The right time of day to shoot is when you are there. Golden hour photos are great, but mid-day shots can also be terrific. If you know how to use one and like them, a CPL can be worth having. But they take some experience to put to good effect, so if you haven't used one before, you should probably only use them in addition to whatever shots you would normally take. Use the lens hood. My CPL can be adjsuted witht he hood in place, but YMMV.

Personally, I would bring both lenses. I often like a tele for cropping the view that works for me -- I want to get Snoopy in tight!. But that will depend on your shooting preferences, of course. If the 70-300 is the Nikon VR, I really like it, but usually shoot aperture priority and set it to f/7.1. Wider open than that often disappoints me with the sharpness, but closed down more doesn't seem to offer any improvements on that score with my lens. FWIW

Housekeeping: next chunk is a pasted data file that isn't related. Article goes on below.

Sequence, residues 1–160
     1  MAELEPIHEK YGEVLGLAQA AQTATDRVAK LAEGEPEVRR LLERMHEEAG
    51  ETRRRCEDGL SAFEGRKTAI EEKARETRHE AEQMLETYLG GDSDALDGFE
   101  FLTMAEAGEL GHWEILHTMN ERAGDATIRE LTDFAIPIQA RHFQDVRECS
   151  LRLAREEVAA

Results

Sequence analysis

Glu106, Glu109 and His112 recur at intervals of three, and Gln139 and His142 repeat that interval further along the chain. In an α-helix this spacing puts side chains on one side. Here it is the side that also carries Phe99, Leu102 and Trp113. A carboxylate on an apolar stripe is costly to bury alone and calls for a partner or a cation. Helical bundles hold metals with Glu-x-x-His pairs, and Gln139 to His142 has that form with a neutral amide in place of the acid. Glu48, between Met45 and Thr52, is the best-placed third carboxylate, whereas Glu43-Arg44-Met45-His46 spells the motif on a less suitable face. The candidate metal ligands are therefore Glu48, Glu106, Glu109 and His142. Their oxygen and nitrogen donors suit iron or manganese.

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Old Mar 20, 2013, 5:29 PM   #10
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I used to do a lot of landscapes with my prime lens and short standard zoom. Last year I got myself a Tamron 70-300 mm with OIS and it open me to bird photography. I live on an island city surrounded by water with plenty of seabirds and waterfowls to photograph. I have had a lot of good pictures with this lens even though the focusing is very slow and not good at flying birds. This lens stays on my 5DMKII most of the time. I now need a lens with faster focusing so I bought a Sigma 150-500mm f/5-6.3 with OIS. It came yesterday and have not had a chance to test it because of bad weather. Hopefully, this lens will help me to capture more flying birds pictures.